The results in California have been tangible. Ozone concentrations have steadily declined over the last 20 years. The haze in the LA basin continues to dissipate. Our air is cleaner and as a result we are healthier.
So, what has the California gasoline standard actually cost consumers?
The most direct measure is retail prices, but they are confounded by taxes, which vary month to month because California and some other states collect both a per-gallon excise tax and a percentage sales tax. Still, from 2009 to 2013, California taxes averaged about 20 cents per gallon above the national average and our retail prices averaged about 34 cents above national average. Much of the 14 cent difference is likely attributable to CARB formulation, but it’s difficult to know how much.
A cleaner measure is refinery-level wholesale prices, which do not include taxes and are easier to compare over a long time span. In the 13 years prior to adoption of CARB gasoline 1983-1995 (as far back as the available data go), California wholesale prices averaged 6 cents above national average (in 2014 dollars). From 1996 through 2014, they have averaged 16 cents above national average (in 2014 dollars), an increase of 10 cents per gallon.
The average Californian uses about a gallon of gasoline per day, both directly in their car and indirectly in the fuels that are used by businesses that serve them. So, we are each paying, on average, somewhere in the range of $37-$51 per year. That’s saving hundreds of lives and preventing lung damage in thousands of other people each year. And these health benefits go disproportionately to the poorest residents, because they suffer the greatest share of the impact from ozone.
Yes, our occasional price spikes are annoying. And, yes, they raise real concerns about the competitiveness of the market, which the state should continue to investigate. But averaged over the years, the cost of our cleaner-burning gasoline is actually pretty modest. Californians love to gripe about the high cost of living here, but we stay in large part because of the natural beauty and our enjoyment of being outdoors. Paying a bit more for gasoline — along with the state’s program to check tailpipe emissions at the time of vehicle registration — makes an important contribution towards maintaining that beauty and the ability to enjoy it.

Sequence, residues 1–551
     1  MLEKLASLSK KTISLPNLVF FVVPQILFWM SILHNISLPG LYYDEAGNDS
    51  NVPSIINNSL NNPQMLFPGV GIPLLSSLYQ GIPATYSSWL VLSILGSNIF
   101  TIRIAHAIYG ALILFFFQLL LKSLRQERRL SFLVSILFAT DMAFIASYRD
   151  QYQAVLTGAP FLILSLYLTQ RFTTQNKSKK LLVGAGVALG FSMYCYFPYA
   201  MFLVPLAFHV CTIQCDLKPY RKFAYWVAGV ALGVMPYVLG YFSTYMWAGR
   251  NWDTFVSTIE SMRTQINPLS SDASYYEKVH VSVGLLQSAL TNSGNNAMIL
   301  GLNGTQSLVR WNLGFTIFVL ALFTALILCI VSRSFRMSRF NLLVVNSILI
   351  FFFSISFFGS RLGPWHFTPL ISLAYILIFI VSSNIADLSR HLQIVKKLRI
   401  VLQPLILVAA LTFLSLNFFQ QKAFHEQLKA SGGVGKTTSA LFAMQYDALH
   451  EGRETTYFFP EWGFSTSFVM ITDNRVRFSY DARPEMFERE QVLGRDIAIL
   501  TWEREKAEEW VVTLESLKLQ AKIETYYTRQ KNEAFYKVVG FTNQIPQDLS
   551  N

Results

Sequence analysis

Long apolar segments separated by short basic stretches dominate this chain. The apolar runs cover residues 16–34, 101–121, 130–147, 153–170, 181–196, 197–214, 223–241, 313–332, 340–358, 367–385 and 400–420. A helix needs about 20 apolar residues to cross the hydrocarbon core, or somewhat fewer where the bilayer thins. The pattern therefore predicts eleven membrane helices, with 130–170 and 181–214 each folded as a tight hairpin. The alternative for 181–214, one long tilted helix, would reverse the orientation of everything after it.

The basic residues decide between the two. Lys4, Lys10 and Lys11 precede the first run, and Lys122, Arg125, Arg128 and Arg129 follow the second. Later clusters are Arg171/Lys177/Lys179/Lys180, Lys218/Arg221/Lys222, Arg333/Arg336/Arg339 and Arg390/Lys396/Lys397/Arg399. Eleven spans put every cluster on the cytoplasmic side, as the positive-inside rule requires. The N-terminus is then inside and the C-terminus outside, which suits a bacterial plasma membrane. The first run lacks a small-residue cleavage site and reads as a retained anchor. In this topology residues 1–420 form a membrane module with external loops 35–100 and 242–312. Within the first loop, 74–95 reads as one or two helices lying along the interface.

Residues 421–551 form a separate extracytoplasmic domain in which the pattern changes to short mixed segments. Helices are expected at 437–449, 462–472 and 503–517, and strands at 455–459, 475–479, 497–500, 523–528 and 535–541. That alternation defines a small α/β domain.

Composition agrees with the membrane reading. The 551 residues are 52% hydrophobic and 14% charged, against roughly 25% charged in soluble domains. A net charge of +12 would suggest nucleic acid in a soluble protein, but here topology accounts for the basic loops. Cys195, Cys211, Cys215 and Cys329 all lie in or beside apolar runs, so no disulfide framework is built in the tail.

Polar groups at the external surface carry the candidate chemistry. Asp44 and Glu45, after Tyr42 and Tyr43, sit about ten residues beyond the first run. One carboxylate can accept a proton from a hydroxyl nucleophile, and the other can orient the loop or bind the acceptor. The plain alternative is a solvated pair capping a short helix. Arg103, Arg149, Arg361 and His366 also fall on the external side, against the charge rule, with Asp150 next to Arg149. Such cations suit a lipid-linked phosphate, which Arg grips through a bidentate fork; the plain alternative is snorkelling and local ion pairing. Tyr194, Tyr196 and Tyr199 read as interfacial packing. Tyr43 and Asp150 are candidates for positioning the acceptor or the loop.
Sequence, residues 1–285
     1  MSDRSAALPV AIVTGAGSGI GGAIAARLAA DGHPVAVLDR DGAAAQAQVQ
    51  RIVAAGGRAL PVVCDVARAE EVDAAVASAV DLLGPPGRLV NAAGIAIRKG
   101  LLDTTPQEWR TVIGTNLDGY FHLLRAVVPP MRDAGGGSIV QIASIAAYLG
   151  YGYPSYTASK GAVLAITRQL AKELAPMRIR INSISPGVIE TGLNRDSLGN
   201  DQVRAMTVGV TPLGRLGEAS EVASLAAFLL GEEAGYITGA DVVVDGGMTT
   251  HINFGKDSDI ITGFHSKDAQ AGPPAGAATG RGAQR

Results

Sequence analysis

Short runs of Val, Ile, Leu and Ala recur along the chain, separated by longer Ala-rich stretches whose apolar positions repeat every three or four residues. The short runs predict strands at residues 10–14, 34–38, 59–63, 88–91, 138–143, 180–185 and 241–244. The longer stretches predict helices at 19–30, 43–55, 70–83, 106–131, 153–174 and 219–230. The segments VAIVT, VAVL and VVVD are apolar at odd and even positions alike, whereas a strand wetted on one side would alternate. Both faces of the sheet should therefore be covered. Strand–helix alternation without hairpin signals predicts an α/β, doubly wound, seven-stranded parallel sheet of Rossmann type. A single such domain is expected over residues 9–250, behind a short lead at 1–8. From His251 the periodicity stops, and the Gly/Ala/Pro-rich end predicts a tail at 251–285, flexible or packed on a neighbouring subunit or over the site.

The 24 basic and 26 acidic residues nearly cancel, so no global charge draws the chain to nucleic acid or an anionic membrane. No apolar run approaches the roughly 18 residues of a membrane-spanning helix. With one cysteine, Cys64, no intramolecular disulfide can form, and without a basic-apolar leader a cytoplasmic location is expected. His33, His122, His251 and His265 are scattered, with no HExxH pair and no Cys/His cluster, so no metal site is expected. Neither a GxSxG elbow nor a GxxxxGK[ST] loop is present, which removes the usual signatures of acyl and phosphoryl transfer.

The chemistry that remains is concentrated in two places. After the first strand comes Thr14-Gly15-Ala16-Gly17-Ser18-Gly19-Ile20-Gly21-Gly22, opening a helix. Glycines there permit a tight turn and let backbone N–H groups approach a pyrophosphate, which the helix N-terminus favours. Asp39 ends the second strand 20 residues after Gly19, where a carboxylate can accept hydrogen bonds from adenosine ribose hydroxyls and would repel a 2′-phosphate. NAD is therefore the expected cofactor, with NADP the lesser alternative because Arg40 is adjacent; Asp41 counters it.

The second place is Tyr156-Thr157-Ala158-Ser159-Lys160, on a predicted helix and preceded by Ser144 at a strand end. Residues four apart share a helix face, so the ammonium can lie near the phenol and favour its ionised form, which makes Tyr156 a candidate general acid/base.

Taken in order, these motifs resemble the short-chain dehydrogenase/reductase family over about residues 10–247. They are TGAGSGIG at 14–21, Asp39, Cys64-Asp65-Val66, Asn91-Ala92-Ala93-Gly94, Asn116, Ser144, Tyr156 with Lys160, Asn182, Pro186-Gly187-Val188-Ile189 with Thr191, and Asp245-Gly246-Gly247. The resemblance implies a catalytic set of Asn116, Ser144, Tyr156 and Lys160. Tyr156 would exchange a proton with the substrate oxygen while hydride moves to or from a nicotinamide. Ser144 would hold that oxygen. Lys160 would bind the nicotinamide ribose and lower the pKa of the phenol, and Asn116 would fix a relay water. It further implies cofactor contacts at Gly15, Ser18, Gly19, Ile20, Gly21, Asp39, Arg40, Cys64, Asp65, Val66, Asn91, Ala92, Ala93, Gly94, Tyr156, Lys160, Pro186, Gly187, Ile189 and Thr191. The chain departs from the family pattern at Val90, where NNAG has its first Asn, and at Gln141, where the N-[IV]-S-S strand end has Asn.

In doing their calculations, Auffhammer and Kellogg use the EPA’s value of a statistical life and assumed that the California formulation raises costs by 8-11 cents per gallon. Their argument stands up, however, even if the CARB formulation cost more than 30 cents per gallon.
 The difference in state levies increased on January 1 with the inclusion of transportation fuels in the state’s cap-and-trade program. As I discussed last summer, and has since been confirmed by the industry and the Air Resources Board, this is expected to raise California gas prices by about $0.10 per gallon.
I’m still tweeting energy news articles and new research papers @BorensteinS
Severin Borenstein is E.T. Grether Professor of Business Administration and Public Policy at the Haas School of Business. He has published extensively on the oil and gasoline industries, electricity markets and pricing greenhouse gases. His current research projects include the economics of renewable energy, economic policies for reducing greenhouse gases, and alternative models of retail electricity pricing. In 2012-13, he served on the Emissions Market Assessment Committee that advised the California Air Resources Board on the operation of California’s Cap and Trade market for greenhouse gases. Currently, he chairs the California Energy Commission's Petroleum Market Advisory Committee and is a member of the Bay Area Air Quality Management District's Advisory Council.